Plainfield Phase II Engineering & Construction: Pedestrian and Bicycle Access Improvements and Wayfinding – Pace The Village of Plainfield will construct a 0.6 mile extension of a 10' wide shared-use path along the south side of 143rd Street from Van Dyke Road to Wallin Drive to better connect Pace Bus' Plainfield Park-n-Ride and downtown Plainfield with residential developments to the west. Wayfinding signage to the Plainfield Park-n-Ride and downtown Plainfield will be included along the route. 

*These Category A projects will move forward only if the RTA successfully obtains federal CMAQ funding in 2023. See the timeline below for more information. 

Category B

COMMUNITY PROJECT TYPE DESCRIPTION
Ford Heights Phase I Engineering: Pedestrian Access Improvements – Pace The Village of Ford Heights will conduct a Phase I Engineering study to improve the sidewalk network and install ADA-compliant crosswalks at key intersections surrounding the Pace Route 357. The project would improve access to bus services and expand the sidewalk network within the proposed New Town Center. The project would include 7,000 linear feet of new sidewalk, installing 10 ADA-compliant intersections, and new infrastructure at bus stops.
Harvard Phase I Engineering: Pedestrian Access Improvements – Metra and Pace The City of Harvard will conduct a Phase I Engineering study of pedestrian access improvements along Illinois Route 173. The project would provide new sidewalks, ADA improvements, and pedestrian access over Mokeler Creek, to better connect residents to the Harvard Metra Station and Pace Route 808.
Harvey Phase I Engineering: Pedestrian and Bicycle Access Improvements, Wayfinding, and Transit Infrastructure – Metra and Pace The City of Harvey will conduct a Phase I Engineering study of proposed transit access improvements along Broadway Avenue in downtown Harvey. Improvements would include bus stop improvements including passenger waiting shelters, wayfinding signage, sidewalk connections, ADA compliant crosswalks, and new on-road facilities for bicyclists. These improvements will better provide access from downtown Harvey to the new Pace Harvey Transportation Center and the Harvey Metra station.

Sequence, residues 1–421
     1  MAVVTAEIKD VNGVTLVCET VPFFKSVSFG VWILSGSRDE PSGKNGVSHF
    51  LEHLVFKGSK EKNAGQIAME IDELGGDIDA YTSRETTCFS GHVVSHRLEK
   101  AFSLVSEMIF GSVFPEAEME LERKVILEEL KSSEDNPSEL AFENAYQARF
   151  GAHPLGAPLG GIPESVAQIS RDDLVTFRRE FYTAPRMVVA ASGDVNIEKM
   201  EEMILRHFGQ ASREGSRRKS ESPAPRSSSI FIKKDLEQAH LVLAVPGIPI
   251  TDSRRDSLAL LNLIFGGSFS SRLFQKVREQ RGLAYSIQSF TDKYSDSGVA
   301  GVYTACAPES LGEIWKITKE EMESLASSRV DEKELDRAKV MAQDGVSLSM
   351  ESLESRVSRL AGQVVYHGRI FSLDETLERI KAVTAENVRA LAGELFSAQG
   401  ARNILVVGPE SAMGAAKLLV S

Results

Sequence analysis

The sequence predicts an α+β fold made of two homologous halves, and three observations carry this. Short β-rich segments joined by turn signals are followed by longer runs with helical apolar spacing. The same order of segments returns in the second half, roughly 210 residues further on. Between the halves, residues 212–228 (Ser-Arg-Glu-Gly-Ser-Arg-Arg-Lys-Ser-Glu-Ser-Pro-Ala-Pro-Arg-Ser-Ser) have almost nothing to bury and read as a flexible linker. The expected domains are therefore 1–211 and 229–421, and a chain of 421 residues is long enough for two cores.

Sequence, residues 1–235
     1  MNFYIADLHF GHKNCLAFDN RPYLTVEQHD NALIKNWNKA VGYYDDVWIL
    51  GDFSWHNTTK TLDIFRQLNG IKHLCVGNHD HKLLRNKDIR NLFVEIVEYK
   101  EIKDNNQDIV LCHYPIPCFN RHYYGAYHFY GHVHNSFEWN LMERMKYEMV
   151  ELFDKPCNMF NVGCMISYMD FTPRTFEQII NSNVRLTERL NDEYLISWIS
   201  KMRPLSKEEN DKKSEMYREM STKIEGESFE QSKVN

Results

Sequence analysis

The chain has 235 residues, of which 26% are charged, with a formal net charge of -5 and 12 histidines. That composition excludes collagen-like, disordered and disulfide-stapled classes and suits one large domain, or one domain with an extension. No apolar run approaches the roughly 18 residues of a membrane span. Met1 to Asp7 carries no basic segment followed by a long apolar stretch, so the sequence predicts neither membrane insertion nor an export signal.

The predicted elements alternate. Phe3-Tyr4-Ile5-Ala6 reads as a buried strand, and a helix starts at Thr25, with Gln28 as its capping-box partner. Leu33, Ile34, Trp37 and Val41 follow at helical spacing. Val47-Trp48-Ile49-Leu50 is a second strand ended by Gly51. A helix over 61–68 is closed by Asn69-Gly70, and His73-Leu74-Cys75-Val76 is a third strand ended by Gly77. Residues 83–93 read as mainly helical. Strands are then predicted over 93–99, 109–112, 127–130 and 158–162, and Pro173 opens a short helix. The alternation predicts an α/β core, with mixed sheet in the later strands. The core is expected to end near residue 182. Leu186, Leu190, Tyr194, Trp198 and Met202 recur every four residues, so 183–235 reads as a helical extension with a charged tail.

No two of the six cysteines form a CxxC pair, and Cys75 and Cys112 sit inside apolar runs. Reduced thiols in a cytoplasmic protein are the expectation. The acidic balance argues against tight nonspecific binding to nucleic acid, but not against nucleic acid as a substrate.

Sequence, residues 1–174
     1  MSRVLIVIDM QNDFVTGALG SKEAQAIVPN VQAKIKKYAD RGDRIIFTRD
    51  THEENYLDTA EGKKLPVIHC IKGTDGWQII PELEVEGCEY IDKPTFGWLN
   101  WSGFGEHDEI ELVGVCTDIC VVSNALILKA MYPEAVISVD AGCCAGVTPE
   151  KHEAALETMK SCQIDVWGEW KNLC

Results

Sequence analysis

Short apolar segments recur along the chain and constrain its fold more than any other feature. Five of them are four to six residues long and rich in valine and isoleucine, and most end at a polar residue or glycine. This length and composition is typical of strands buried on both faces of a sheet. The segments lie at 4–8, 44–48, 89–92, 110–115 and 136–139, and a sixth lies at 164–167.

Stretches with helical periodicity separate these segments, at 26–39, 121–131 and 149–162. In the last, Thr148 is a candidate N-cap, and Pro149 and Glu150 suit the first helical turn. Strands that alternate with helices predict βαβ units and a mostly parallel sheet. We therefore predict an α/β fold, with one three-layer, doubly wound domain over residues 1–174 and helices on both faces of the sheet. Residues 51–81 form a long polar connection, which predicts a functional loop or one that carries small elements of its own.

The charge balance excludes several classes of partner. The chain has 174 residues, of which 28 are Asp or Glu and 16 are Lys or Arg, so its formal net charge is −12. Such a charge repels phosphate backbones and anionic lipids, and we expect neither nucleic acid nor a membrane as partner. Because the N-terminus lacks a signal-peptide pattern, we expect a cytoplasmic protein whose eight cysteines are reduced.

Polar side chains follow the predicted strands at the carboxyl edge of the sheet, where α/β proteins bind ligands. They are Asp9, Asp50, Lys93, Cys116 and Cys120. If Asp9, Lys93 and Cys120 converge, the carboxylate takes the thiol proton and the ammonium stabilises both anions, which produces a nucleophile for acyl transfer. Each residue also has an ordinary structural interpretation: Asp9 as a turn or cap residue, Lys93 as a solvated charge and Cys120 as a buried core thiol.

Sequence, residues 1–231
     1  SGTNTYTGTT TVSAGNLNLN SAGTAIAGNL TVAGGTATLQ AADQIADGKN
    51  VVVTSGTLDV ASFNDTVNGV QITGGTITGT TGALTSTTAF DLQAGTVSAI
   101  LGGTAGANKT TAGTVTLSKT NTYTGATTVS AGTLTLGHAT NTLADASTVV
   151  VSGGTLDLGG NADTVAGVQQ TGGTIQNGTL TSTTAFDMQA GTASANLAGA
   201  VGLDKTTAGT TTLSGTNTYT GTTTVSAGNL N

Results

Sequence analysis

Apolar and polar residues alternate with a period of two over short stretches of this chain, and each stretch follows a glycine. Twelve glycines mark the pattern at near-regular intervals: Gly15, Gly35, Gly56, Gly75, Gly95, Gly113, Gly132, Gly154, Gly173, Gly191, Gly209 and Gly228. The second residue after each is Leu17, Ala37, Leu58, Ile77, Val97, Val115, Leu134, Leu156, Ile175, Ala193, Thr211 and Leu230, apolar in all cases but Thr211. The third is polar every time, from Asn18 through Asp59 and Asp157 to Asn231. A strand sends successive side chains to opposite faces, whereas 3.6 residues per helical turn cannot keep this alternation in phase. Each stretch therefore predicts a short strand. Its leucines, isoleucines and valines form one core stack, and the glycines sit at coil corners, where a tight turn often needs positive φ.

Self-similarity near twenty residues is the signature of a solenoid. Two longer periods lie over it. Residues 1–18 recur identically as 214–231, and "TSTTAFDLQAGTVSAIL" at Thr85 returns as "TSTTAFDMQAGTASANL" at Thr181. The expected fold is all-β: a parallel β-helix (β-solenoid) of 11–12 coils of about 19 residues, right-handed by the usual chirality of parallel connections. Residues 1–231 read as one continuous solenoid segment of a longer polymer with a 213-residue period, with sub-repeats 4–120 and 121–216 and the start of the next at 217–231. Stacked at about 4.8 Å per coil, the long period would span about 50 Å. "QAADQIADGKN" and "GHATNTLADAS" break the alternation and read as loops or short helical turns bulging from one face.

Maywood Phase I Engineering: Pedestrian and Bicycle Access Improvements, Wayfinding – Metra and Pace The Village of Maywood will conduct a Phase I Engineering study of proposed improvements along 5th Avenue and Main Street. The improvements would include a covered bicycle shelter at the Maywood Metra station and passenger waiting shelters at two Pace bus stops on 5th Avenue. The project would also include ADA compliant crosswalks and  wayfinding signage through the project area directing people to the Metra station. 

 

2022 Call for Projects Timeline

The following table shows the timeline for evaluating, funding, and implementing projects. Scroll down this page for eligibility requirements.

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Eligible Applicants

The Access to Transit program is open to municipalities and counties that have completed, or are in the process of completing, a planning or implementation project through either the RTA Community Planning program, the CMAP LTA Program, or other community planning efforts. The plans should specifically recommend bicycle and/or pedestrian access improvements to transit. This includes communities that have participated in corridor studies as a partner. Applicants seeking only Phase I engineering can submit projects from any adopted plan, including those outside of the RTA and CMAP programs. Applicants must have CTA, Metra, or Pace service in their community and be located within the RTA’s six-county service area (Cook, DuPage, Lake, McHenry, Kane, Will).

Eligible Projects

There are two types of eligible projects in the Access to Transit program. Category A includes Phase II engineering and construction for small-scale, bike and pedestrian infrastructure improvements that are based on recommendations from Community Planning or LTA studies with transit-related components. Category B includes only Phase I engineering for small-scale, bike and pedestrian improvements as described under Category A. Projects should generally be based on recommendations from a previous plan. Unlike Category A, acceptable plans for Category B applicants include those completed outside of the RTA Community Planning and CMAP Local Technical Assistance programs.

Category A: Bicycle and Pedestrian Accessibility

Eligible projects must be able to demonstrate the ability to increase ridership, improve access to existing transit services, and contribute to reduced vehicle emissions. The RTA may request that applicants revise their proposals after submittal in order to align with CMAQ program requirements. Projects related to commuter parking are not eligible for funding unless parking changes are needed in the context of improved pedestrian, bicycle, and transit facilities.

The following list of improvements are eligible for Access to Transit Category A projects, either individually or combined: